- Contract Packaging
- Leaders in Packaging
- Calendar of Events
Alert: Packaging World now enhanced for the iPad and iPhone. Watch a quick video preview
Article | August 31, 2003
P&G switches to plastics for Folgers
Calling it a revolutionary new package for coffee, Cincinnati, OH-based Procter & Gamble introduced the AromaSeal high-density polyethylene container as a replacement for the venerable three-piece steel can for the brand’s top-selling 39-oz size.
Other Folgers sizes will gradually follow suit though P&G wouldn’t reveal a timetable for the changes. Launched in August with widespread distribution this month the bright red container could potentially revolutionize packaging within the coffee category.
Blow-molded by Liquid Container the patent-pending container is at once striking and practical. While the canister’s overall shape is cylindrical it’s blow-molded so that it appears to have four separate "panels." The four panels are divided by vertical "grooves" molded into the container. One panel includes an easy-grip handle created by two recessed areas making the container easy to pick up and carry. Decoration on two other panels includes Folgers’ well-known sun and mountains graphic and a violator that reads "AromaSeal canister helps keep it fresh." A fourth panel includes a bar code and instructions for coffee makers.
A P&G representative said that decoration is done after blow molding by heat-transfer technology from Multi-Color Corp.. Libby Perszyk Kathman was also involved in the package design.
Besides the easy-grip handle another major benefit of the stackable container touted by P&G is that it does not require a can opener. That eliminates the possibility of sharp edges. Instead the consumer pulls off the black low-density polyethylene overcap from Erie Plastics that snaps onto the top of the canister. Removing the overcap reveals another interesting aspect of the package: an easy-to-peel-off seal membrane from Amcor.
"What’s unique about the membrane is that it incorporates a one-way valve [seen as two small slits]. As the freshly ground coffee degasses the valve allows the excess gas to go out while preventing oxygen from entering" says Gerard Buisson the P&G packaging leader for the AromaSeal canister. In an exclusive interview with Packaging World Buisson says the material is a "multilayer adhesive lamination that includes polyester." It also appears to contain foil or a metallized layer. The polyester is reverse-printed-flexo in one color with a repeating "Folgers AromaSeal" logo. A tab permits consumers to easily remove the membrane.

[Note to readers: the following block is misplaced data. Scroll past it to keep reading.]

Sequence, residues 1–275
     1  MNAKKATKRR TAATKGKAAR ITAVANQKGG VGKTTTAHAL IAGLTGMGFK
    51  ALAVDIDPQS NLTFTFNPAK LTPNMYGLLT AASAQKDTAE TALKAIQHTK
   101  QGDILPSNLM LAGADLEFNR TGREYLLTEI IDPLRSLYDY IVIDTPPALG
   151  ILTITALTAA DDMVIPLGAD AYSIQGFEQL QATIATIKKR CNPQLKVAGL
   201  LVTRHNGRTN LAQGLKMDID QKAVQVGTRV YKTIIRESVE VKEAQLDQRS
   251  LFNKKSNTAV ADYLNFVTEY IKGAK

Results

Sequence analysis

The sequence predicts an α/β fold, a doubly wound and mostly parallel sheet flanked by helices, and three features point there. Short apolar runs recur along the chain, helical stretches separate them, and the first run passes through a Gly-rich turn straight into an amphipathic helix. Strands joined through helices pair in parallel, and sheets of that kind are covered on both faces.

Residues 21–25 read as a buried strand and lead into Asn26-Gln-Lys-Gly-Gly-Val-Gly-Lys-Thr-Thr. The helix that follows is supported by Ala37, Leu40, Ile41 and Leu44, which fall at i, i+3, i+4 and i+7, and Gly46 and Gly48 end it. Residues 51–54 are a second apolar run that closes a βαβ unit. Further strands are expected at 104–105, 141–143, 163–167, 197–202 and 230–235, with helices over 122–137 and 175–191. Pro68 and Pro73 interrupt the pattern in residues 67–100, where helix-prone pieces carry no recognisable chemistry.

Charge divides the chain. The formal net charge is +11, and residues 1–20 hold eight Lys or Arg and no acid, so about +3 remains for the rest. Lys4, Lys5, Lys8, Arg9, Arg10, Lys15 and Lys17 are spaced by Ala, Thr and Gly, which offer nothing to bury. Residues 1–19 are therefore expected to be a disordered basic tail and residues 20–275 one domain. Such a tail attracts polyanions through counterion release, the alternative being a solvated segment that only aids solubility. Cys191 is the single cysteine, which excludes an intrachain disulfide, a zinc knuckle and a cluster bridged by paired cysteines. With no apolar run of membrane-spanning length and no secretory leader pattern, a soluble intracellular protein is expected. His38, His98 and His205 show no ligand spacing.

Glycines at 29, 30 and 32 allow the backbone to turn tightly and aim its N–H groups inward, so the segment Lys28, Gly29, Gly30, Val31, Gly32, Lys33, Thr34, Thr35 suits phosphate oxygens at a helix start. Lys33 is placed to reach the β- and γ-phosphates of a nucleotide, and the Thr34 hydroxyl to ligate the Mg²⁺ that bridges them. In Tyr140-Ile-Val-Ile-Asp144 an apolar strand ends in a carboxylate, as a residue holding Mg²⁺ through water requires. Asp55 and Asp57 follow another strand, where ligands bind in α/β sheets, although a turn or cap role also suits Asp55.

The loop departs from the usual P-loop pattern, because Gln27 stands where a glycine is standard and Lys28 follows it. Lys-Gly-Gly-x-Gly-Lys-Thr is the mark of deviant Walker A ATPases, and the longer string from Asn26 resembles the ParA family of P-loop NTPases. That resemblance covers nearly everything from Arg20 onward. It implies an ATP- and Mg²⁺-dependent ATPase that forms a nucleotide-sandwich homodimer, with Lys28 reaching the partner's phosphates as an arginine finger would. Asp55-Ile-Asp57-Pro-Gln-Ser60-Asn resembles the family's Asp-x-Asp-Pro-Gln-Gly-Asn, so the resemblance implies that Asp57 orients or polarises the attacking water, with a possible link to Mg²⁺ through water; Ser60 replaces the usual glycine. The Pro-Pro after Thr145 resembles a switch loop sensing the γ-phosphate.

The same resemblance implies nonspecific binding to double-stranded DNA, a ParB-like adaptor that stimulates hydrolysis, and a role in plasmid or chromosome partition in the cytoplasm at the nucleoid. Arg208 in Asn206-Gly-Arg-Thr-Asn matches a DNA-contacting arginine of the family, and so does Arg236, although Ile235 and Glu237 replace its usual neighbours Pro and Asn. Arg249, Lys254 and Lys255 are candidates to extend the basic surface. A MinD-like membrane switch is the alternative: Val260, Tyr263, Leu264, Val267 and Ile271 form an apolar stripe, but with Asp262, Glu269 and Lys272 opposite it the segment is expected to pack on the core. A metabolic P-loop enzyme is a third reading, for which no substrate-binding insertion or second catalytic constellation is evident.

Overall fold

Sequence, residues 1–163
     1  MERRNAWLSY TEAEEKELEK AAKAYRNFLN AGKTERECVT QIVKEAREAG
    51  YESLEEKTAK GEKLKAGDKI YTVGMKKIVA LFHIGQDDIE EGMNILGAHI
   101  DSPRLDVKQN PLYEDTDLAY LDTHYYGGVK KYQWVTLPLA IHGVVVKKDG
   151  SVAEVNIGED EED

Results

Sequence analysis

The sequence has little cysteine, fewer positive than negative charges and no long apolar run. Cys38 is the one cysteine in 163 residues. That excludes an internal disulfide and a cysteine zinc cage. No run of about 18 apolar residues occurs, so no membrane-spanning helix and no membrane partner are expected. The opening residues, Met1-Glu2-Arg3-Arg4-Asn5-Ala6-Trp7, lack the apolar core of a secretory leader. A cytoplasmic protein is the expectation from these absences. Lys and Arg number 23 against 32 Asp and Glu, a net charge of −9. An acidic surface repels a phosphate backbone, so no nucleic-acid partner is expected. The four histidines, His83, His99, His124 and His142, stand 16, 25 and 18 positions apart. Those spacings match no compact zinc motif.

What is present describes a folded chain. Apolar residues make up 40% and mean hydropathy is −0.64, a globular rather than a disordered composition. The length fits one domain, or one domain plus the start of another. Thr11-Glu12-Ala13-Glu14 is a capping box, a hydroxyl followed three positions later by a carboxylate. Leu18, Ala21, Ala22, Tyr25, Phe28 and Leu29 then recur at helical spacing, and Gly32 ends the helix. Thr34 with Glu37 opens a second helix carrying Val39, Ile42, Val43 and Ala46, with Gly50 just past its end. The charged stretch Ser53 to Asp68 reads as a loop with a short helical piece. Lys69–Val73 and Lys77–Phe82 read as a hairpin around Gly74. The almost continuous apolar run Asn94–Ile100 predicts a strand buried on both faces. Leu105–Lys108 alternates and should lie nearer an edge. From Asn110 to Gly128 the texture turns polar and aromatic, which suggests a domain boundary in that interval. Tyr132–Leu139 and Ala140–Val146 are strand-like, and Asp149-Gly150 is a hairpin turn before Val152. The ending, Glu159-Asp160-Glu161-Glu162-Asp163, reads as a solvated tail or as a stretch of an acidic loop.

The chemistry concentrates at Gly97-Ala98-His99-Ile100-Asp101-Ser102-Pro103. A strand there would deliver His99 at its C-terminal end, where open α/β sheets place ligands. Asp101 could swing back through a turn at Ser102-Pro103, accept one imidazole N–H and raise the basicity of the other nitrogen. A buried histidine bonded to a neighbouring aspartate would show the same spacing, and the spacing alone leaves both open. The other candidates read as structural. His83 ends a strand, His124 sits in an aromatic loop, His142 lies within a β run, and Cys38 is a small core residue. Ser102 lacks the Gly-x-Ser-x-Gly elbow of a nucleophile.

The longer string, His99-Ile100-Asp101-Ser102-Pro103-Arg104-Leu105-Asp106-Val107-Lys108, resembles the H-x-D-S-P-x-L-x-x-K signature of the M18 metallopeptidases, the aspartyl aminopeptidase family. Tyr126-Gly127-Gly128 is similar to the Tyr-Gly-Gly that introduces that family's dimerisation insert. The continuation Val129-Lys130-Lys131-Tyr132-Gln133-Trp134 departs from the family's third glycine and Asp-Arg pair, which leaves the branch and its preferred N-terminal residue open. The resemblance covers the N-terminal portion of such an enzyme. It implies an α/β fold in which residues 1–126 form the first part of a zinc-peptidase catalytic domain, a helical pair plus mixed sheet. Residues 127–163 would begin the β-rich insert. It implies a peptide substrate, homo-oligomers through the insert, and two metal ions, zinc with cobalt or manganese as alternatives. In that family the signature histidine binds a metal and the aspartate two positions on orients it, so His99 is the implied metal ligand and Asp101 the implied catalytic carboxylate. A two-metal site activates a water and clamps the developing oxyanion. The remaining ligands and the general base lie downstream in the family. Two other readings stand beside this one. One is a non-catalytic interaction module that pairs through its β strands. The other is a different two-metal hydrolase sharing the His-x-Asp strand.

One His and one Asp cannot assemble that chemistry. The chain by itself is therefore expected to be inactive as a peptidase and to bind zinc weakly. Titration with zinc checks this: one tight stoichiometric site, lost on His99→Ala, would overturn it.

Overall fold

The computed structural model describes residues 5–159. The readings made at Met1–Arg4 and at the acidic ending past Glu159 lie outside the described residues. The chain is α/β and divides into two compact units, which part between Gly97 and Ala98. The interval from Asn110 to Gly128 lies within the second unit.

The packaging materials are said to provide the necessary freshness for the coffee. "Shelf life is not a major concern for consumers because they’re purchasing [coffee] frequently" says company spokesperson Tonia Hyatt. "We did extensive consumer research and found that consumers wanted ease of handling something without sharp edges and product that stays fresh day after day after it is opened."
When asked about the economics of the company’s switch to plastic Buisson says "we will not discuss costs. The key driver of this project was to meet consumer needs." P&G noted that the steel can weighs 200 grams 80 grams more than the AromaSeal so the new canister is lighter to carry and ship.
Containers are filled at the company’s New Orleans Louisiana plant. "We believe consumers will choose this package over [steel] cans" says Buisson. "We’ll eventually be replacing all our cans with this technology."
E-BOOK SPECIAL REPORT
42 Best Package Designs